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HQ 083623

October 23, 1989

CLA-2 CO:R:C:G 083623 CMR 832504


TARIFF NO.: 6114.30.3070

Ms. Ruth Oren
Prestige Advertising, Incorporated
66 Concord Street
North Reading, Massachusetts 01864

RE: Classification of a dog costume under the Harmonized Tariff Schedule of the United States Annotated (HTSUSA)

Dear Ms. Oren:

This ruling is in response to your letter of September 23, 1988, requesting the classification of a dog costume under the HTSUSA.


The dog costume consists of a large head covered with plush knit fabric, a plush knit fabric body suit, and large hand mitts and large feet made of the same plush knit fabric. The head is made with foam stuffing to give it shape and has plastic eyes and mesh at the nose so the wearer can see and breathe. The feet also have foam stuffing to give them shape and have rubber soles. The mitts and feet have hook and loop fasteners to adjust the fit.

The plush knit fabric used to make the costume is 32.7 percent acrylic and 67.3 percent polyester. The costume is made in Taiwan. It is to be worn for promotional purposes.


Is the dog costume classified as a toy in Chapter 95, or is it considered fancy dress classified in Section XI by application of exclusion Note 1(e) of Chapter 95?


Under the HTSUSA, toys are classified in Chapter 95. However, Note 1(e) excludes articles of "fancy dress, of textiles, of chapter 61 or 62" from classification within Chapter 95.

Fancy dress is defined in Mary Brooks Picken's The Fashion Dictionary (1973) as:

Costume representing a nation, class, calling, etc., as worn to costume ball or masquerade party. (Page 134)

Webster's Third New International Dictionary, Unabridged, at 822 (1965) defines fancy dress as:
a costume (as for a masquerade or party) departing from currently conventional style and usu. representing a fictional or historical character, an animal, the fancy of the wearer, or a particular occupation . . .

Costume is defined in Mary Brooks Picken's The Fashion Dictionary as:

1. Complete dress or apparel, including all outer garments and accessories worn at one time. Also, dress in general; but incorrectly used for a dress. Compare DRESSES. 2. Type of dress for wear to fancy dress ball. See FANCY DRESS. 3. Type of dress characteristic of any country, period, class, or calling. (Bold added) (Page 90)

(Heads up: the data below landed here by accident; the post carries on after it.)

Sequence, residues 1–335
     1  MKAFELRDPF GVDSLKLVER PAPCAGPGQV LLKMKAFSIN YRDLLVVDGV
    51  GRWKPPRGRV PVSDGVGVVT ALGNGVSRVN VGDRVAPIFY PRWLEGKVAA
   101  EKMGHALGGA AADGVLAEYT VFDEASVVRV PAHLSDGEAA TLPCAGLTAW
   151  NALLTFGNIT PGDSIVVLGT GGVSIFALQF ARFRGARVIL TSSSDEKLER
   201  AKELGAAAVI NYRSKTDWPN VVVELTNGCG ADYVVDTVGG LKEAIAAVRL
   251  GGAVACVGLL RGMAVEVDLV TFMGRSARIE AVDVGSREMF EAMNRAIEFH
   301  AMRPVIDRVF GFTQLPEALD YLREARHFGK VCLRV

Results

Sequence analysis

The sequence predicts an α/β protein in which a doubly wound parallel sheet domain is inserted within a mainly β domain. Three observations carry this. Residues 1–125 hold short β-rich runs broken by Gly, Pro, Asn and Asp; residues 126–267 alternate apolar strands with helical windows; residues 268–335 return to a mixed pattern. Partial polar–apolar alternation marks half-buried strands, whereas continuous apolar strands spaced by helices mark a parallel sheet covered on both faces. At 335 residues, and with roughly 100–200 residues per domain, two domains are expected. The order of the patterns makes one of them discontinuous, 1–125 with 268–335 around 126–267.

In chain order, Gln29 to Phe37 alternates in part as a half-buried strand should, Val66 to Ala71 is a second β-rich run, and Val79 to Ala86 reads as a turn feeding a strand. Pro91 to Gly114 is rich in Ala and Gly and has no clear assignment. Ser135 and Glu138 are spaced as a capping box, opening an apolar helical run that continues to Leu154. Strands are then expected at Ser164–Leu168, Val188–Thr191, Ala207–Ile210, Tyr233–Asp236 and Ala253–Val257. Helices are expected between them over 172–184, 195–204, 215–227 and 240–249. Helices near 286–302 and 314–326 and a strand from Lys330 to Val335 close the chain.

From the same source, we find the following terms and definitions:
apparel: Clothing of all sorts; * * * (Page 6)
clothing: Any wearing apparel. For types, see SPORTS CLOTHES and DRESSES. (Page 70)
garment: Any article of apparel, chiefly one made of fabric. (Page 160)

Under the topic heading "Dress and Dresses" is the directive "Also see FANCY DRESS." (Page 109)

In Webster's II New Riverside University Dictionary, at 118 (1984), apparel is defined as: "1. Clothing. 2. Something that covers or adorns." Costume is defined as: "1. A prevalent style of dress, including clothing, accessories, and hairdos. 2. A style of dress typical of a particular time, country, or people, often worn in a play or at a festival. 3. A set of clothes appropriate for a particular occasion or season."

From the above definitions, it appears that the terms apparel, clothing, and garment are interchangeable. It also appears clear that fancy dress is a costume and that a costume is apparel or clothing of a particular type.

The Note 1(e) exclusion includes all fancy dress of textile materials and appears to leave no room for differentiating between costumes based on their construction, utilitarian value, and use.

In October 1983, the Nomenclature Committee of the Customs Cooperation Council, at the request of the Australian Administration, considered the classification of children's "Spiderman" and "Hulk" suits; a cowboy suit composed of a waistcoat and chaps with holster, of textile material; a cowboy suit composed of a waistcoat and trousers incorporating a simulated belt with holster, of textile material; and an Indian girl costume consisting of a dress, a headband and simulated braids, of textile material. The classification issue then, as in this case, was whether the costumes were classifiable as toys in Chapter 97 (now known as Chapter 95), or as textile articles of Section XI. The Committee decided the costumes were fancy dress, classifiable in Section XI by application of exclusion Note 1(e) to Chapter 97 (now Chapter 95). Annex F/5 to Doc. 30.550 E (NC/51/Oct. 83).

Although not bound by this decision of the Nomenclature Committee, Customs believes it illustrates the intent of the Note 1(e) exclusion to Chapter 95, and the meaning of fancy dress as it is used in that exclusion. In accordance with the Committee's decision and Note 1(e) to Chapter 95, costumes of textile materials are classifiable in Section XI.